he woods were so much darker than she’d expected.
She stopped, enormous black trees looming overhead, mysterious sounds — bears? wolves? — emanating from the endless forest that surrounded them.
“Maybe this was a mistake,” she told Darrell.
He was already twenty steps ahead of her and it took a moment for his footsteps to stop their crunch-crunch-crunching through the deep dry carpet of dead leaves. Finally, he turned to face her.
“Well, of course it was a mistake,” he said. “We never should have left town. We shouldn’t have left the church in the first place.”
“I’m sorry,” she said, raising her arms and letting them flap back down at her sides. She wasn’t accustomed to second-guessing herself, or apologizing. “I guess we should just go back.”
“Go back? We can’t just go back! There’s no way we’ll find our way out of here at night.”
She sank down onto the leaves, let herself flop onto her back and stare up at the starless, moonless sky. The ancient running shoes she’d found in the charity bin, so comfortable when she first put them on her feet, were now rubbing and chafing, worse than nothing. The old man pants kept falling down, and the shirt smelled like her grandfather, before her mother and Jimmie Sue gave him a bath. She wished she could call her mother to come get her right this very minute. But while her phone still had juice, they were too far from anywhere to get a signal.
“What do you think you’re doing?” Darrell said.
“I can’t go on. I’ve got to get some sleep.”
“Are you crazy? You can’t sleep out here in the woods. You’ll get eaten by something.”
“I don’t care,” she said. “Anything would be better than just walking walking walking till our feet fall off. We’re probably going to get eaten by something anyway.”
As if on cue, there was a crackling in the bushes not that far away, then the sound of running footsteps as loud as a grown man’s. She scrambled to her feet, heart pounding, hands covering her head as if something might leap down on her from the sky.
“Come on,” he said, reaching out toward her. “Let’s just keep going.”
She let him lead her through the trees, branches scratching her face, bushes slapping her legs. She willed her feet to keep moving while she let her eyes drift closed, her brain take flight to some other place, beautiful, peaceful. Her whole life seemed beautiful and peaceful compared to this: She saw herself sitting in the Cafe Pure with Hugo, holding hands as the sun dipped over the Canal St. Martin. Or sitting next to her father in a Parisian movie theater, laughing idiotically at The Nutty Professor. Or even gathered around the big dining room table in Hot Springs last Sunday, eating her mother’s lemon cake.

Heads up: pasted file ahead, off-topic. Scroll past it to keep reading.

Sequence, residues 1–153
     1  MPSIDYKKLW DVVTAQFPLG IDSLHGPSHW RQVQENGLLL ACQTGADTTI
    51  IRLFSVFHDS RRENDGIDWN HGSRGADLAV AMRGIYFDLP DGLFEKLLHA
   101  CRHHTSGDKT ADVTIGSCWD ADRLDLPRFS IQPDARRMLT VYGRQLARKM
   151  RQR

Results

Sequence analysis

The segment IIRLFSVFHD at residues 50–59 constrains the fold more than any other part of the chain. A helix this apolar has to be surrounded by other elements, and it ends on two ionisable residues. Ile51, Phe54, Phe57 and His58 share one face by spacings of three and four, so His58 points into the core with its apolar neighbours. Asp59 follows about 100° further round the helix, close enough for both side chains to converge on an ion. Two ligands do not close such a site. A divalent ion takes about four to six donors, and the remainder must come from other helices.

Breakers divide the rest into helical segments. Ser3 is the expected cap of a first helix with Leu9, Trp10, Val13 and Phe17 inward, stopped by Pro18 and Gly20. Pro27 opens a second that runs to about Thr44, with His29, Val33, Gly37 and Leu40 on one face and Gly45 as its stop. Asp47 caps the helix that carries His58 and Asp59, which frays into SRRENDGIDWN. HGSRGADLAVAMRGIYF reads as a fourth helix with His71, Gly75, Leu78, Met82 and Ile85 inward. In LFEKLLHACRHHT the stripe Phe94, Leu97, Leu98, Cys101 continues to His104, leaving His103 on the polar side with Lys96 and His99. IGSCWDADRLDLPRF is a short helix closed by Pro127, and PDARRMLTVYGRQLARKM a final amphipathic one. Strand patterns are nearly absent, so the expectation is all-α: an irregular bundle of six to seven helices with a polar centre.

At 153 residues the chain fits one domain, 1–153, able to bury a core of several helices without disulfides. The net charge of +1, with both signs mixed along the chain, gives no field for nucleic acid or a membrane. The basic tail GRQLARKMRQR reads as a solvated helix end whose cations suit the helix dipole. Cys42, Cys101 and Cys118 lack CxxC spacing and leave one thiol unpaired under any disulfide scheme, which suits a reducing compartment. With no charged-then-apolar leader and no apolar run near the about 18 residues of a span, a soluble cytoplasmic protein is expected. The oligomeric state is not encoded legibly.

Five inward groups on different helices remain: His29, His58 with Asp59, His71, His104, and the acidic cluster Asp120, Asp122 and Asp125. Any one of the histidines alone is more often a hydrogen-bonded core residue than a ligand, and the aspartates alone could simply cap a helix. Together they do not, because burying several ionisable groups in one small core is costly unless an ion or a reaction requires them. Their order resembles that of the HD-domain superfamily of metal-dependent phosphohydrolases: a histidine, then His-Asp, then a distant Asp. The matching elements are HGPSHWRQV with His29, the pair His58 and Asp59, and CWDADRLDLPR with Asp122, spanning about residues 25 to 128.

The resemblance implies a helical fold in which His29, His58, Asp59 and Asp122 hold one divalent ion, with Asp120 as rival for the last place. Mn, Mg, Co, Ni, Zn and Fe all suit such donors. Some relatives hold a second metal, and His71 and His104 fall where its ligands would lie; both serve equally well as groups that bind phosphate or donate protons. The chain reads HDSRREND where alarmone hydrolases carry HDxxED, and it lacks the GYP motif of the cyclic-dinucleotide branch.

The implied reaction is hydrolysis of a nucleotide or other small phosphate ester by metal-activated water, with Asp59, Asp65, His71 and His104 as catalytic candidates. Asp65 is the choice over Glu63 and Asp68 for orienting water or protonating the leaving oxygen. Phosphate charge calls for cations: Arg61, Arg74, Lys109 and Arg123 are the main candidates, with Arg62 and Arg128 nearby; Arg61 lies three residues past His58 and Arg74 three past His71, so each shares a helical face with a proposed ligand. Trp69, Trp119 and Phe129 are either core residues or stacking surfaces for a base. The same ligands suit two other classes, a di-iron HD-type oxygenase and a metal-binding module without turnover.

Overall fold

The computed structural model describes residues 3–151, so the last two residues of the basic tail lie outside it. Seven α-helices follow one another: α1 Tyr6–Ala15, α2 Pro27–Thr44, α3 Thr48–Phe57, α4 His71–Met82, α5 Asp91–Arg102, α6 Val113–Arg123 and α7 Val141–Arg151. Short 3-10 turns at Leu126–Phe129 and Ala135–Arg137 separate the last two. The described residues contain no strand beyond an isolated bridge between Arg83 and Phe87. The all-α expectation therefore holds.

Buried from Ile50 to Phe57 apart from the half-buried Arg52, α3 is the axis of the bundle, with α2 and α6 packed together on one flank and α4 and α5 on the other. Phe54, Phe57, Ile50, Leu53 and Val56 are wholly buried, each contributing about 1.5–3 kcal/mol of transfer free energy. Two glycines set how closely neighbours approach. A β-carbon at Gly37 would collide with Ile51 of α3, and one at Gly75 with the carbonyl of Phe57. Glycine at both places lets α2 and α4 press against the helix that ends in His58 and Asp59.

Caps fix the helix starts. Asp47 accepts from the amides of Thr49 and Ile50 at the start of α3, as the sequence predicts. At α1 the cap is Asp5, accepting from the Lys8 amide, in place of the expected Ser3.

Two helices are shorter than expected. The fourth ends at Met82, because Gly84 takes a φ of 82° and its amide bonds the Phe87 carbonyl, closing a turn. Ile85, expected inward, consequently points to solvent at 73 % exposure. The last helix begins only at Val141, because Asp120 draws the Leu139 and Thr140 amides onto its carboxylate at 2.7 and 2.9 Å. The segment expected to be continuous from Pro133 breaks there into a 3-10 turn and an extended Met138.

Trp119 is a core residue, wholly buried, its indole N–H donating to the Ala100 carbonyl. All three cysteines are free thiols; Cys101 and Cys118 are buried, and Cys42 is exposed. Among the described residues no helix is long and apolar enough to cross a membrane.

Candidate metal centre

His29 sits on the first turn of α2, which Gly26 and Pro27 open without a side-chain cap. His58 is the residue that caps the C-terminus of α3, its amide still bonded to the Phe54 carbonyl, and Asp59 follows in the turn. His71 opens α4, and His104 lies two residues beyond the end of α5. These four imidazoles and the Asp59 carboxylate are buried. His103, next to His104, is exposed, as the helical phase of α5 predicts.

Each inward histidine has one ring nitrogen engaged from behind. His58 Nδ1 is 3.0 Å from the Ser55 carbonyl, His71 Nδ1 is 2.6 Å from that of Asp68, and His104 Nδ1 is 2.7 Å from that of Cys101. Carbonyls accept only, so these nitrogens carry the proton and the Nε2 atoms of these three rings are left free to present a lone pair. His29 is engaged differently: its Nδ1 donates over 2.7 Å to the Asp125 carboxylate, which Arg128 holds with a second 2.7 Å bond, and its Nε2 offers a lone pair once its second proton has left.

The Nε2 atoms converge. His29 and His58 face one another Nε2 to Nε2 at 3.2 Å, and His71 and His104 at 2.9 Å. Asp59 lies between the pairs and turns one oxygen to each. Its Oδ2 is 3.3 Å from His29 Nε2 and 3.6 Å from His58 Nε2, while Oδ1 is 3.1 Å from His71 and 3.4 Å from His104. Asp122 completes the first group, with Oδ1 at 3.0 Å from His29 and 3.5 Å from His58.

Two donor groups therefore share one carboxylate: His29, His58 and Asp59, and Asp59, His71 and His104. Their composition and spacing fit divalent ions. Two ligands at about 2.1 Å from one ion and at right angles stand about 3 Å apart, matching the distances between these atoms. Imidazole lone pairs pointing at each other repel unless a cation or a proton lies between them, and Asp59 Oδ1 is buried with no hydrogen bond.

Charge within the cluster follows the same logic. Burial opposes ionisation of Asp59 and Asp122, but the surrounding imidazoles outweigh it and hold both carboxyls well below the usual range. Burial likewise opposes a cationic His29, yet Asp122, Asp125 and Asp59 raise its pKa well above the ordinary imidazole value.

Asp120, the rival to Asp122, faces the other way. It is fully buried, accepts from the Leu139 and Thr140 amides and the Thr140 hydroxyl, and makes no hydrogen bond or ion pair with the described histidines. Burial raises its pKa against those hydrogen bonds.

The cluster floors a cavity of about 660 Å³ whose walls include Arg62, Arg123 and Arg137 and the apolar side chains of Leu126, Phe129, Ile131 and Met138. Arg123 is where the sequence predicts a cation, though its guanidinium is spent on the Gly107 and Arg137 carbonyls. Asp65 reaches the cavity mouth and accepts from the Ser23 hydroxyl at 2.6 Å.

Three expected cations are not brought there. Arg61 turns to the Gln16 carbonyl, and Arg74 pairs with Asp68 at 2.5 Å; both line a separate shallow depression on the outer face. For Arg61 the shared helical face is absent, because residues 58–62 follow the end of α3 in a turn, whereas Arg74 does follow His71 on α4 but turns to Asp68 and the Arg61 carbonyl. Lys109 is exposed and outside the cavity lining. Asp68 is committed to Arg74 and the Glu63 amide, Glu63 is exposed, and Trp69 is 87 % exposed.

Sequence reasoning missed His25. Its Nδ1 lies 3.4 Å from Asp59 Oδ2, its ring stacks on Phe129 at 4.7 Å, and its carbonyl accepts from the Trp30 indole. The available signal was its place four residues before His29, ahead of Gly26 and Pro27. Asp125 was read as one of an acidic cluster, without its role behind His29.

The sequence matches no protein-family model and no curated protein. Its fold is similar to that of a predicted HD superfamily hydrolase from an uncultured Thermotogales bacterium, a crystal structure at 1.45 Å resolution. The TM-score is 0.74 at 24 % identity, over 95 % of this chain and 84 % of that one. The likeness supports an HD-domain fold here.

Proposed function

Why oh why hadn’t she appreciated all those moments more, taken any one of them and frozen it, lived in it forever, instead of always stirring things up? Why did she always push for different, instead of appreciating the perfection of everything just the way it was?
“Ssssssh,” Darrell said, stopping short.
Her eyes popped open. Had she actually been speaking out loud? He pointed. There, in a clearing ahead, was a little house.
It looked like the cottage of The Three Bears. Or of Red Riding Hood’s grandmother. Whoever lived there would undoubtedly welcome them in, feed them tea and cookies, give them a warm bed to sleep in until morning. Practically whooping with joy, she pushed around him, took off at a run.
“Stop!” he yelped, lunging after her and grabbing her shirt.
“What?” She tried to tear the shirt from his grasp.
“We have to be careful,” he said.
“You’re paranoid,” she told him.
There was no car in sight, no smoke curling from the chimney, no lights shining from the windows.
“There’s no one here,” she said. “Let’s just go in.”
He hesitated, looking toward the dirt track that passed for a driveway, leading not, as she might have guessed, to a nearby road but back into a forest as deep and dark as the one they’d just come wandered out of.
“I think we should get out of here,” he said. “Follow that road and see where it takes us.”
“I’m too exhausted,” she said, moving toward the house. “I need to rest before I go another step.”
She tried the door to find it was locked, and then peered in a window, seeing only blackness inside. When she turned back toward Darrell, he was already headed down the track. Obviously, he expected her to scurry after him. But there was a stone lying on the ground. She could pick it up, smash the glass, reach inside, unlock the window, let herself in. Then Darrell would have no choice but to come back. And even if he didn’t, she could rest here by herself till morning, then figure out what she was going to do next.